Overview of Requirements
Jurisdictions are responsible for implementing SB 1383 regulations in their communities and must coordinate city and county planners, waste haulers, waste processing facilities, recyclers, commercial businesses, residents, and edible food recovery organizations. “Jurisdiction” means a city, county, a city and county, or a special district that provides solid waste collection services.
Jurisdiction responsibilities include:
- Evaluating the jurisdiction’s readiness and capacity to implement SB 1383, including organics collection, recycling and edible food recovery capacity
- Providing organic waste collection to all residents and businesses, which means providing service automatically and not relying on the generator to subscribe
- Establishing an edible food recovery program that recovers edible food from the waste stream
- Conducting outreach and education to all affected parties, including generators, haulers, facilities, edible food recovery organizations, and city/county departments
- Procuring recycled organic waste products like compost, mulch, renewable natural gas (RNG), and electricity. Procuring does not necessarily mean purchasing.
- Inspecting and enforce compliance with SB 1383. Edible food generator inspections can be combined with existing health inspections
- Maintaining accurate and timely records of SB 1383 compliance
New Elected Officials web page available now.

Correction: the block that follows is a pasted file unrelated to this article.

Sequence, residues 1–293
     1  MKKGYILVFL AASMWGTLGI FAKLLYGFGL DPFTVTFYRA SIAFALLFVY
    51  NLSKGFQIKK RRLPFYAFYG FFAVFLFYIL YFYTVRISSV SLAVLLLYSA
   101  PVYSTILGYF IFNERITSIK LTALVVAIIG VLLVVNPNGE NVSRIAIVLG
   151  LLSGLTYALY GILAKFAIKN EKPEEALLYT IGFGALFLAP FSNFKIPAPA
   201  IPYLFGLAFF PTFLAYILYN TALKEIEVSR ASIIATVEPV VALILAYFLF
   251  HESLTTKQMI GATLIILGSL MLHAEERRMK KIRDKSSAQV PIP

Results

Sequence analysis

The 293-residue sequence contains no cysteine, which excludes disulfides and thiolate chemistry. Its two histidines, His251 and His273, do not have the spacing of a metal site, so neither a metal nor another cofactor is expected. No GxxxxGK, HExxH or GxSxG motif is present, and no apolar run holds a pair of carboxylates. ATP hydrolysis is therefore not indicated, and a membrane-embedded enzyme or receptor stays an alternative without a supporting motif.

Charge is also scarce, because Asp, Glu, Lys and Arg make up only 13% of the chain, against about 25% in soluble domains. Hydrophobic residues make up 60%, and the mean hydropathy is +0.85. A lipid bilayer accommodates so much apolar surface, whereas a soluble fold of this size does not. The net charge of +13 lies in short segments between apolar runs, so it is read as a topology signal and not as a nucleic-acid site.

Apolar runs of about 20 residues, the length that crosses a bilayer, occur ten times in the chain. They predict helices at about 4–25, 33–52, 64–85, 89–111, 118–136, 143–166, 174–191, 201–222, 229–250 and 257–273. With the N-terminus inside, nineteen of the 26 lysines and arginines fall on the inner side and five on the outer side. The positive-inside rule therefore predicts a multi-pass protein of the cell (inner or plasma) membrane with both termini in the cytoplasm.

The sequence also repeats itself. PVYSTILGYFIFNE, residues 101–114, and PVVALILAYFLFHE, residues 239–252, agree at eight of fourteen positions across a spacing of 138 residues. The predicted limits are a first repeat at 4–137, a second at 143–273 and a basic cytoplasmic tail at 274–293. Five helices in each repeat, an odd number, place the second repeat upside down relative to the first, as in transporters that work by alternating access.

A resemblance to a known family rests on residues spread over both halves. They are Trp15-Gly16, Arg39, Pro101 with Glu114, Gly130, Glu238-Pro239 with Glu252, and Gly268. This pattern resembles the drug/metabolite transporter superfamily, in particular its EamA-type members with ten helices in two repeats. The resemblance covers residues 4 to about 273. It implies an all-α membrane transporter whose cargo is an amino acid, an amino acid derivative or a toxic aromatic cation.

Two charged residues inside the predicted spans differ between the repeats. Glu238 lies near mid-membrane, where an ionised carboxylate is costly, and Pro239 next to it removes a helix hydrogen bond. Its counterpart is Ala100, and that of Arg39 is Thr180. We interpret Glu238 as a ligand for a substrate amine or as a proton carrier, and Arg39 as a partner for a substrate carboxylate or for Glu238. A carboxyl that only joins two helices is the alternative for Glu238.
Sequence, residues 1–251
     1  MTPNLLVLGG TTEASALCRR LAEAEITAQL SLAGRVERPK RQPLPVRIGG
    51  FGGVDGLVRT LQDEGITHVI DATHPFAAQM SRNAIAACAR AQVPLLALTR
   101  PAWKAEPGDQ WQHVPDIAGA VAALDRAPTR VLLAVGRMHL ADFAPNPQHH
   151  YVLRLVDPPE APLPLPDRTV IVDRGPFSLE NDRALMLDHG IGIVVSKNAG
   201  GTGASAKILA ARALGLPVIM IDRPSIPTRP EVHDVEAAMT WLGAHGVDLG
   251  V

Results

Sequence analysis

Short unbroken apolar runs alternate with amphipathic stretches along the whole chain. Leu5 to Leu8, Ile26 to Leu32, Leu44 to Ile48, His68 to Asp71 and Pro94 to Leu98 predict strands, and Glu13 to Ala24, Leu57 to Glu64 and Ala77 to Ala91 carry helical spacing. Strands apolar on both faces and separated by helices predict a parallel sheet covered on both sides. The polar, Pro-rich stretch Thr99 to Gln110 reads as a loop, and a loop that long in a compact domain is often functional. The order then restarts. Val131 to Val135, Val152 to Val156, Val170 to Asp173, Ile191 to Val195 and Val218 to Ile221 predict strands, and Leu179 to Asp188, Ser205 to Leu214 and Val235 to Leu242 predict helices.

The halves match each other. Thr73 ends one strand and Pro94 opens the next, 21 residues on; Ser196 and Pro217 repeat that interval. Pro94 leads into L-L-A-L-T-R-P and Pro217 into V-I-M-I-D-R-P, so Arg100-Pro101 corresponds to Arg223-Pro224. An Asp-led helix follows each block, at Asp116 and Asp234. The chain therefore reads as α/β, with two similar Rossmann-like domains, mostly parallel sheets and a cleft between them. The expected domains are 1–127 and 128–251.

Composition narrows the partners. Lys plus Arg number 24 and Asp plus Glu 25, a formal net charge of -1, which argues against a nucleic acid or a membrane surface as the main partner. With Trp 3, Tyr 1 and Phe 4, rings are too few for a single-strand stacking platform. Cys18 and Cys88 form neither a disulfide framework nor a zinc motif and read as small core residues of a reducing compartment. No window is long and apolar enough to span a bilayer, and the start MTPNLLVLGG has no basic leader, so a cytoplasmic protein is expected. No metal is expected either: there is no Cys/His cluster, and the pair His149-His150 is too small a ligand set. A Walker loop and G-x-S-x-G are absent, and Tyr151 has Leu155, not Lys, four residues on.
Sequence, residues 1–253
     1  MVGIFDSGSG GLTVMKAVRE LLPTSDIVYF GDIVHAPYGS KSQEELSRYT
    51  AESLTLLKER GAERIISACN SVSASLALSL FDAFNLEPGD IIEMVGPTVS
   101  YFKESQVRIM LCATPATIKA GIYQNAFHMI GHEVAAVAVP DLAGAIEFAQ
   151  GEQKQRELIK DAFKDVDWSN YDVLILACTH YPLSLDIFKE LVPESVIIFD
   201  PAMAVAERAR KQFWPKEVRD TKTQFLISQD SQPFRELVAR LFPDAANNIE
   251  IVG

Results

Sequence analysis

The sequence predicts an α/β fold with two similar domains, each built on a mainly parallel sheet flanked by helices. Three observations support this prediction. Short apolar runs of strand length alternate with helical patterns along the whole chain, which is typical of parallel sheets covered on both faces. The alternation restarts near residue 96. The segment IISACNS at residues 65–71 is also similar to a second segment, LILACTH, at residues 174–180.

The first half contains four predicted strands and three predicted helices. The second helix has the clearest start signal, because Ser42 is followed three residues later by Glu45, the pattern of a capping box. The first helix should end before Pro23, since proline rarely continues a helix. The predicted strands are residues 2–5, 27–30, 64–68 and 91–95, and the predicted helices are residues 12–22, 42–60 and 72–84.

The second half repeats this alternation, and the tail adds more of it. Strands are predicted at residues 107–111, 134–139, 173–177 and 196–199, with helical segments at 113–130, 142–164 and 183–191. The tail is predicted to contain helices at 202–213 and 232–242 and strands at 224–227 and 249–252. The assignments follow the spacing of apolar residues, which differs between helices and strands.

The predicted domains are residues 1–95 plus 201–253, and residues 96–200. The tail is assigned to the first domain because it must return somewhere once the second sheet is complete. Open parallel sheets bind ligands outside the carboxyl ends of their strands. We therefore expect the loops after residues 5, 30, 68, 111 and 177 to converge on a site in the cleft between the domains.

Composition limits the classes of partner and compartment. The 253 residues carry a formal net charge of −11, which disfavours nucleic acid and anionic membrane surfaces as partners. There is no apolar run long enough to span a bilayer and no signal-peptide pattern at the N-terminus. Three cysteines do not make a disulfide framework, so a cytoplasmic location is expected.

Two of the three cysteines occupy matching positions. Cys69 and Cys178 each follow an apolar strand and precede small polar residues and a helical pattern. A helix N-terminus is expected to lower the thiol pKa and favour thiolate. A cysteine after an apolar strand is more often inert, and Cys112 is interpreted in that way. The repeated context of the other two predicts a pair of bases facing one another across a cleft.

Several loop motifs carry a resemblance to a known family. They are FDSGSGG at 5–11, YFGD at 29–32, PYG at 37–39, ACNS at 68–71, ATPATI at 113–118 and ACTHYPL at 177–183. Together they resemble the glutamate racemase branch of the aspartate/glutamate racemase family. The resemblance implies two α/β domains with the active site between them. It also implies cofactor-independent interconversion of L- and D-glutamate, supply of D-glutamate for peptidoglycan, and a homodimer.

Every department within a jurisdiction will be affected by the implementation of SB 1383 and will have a role to play. Staff in every department will need to understand how SB 1383 impacts their work, and implementation may require adding staff or contracting with other entities, such as environmental health inspectors or consultants.
Jurisdictions are required to develop a robust edible food recovery infrastructure that links commercial edible food generators with food recovery organizations, like food banks and pantries, soup kitchens, and other local non-profits that distribute food to the needy.
- Capacity Planning Guidelines
- Safe Surplus Food Donation GuidePDF download
- Food Waste Prevention and Rescue Grants
- Information for Food Service Businesses
- Information for Food Recovery Organizations
Beginning January 1, 2022, cities and counties must annually procure a quantity of recovered organic waste products. Jurisdictions can fulfill their target by procuring any combination of eligible products such as compost, mulch, and renewable energy.
CalRecycle’s Procurement Calculator Tool can be used to help a jurisdiction plan for its procurement and track its progress towards meeting its procurement goals.
SB 1383 requires counties to take the lead collaborating with the jurisdictions located within the county in planning for the necessary organic waste recycling and food recovery capacity needed to divert organic waste from landfills into recycling activities and food recovery organizations.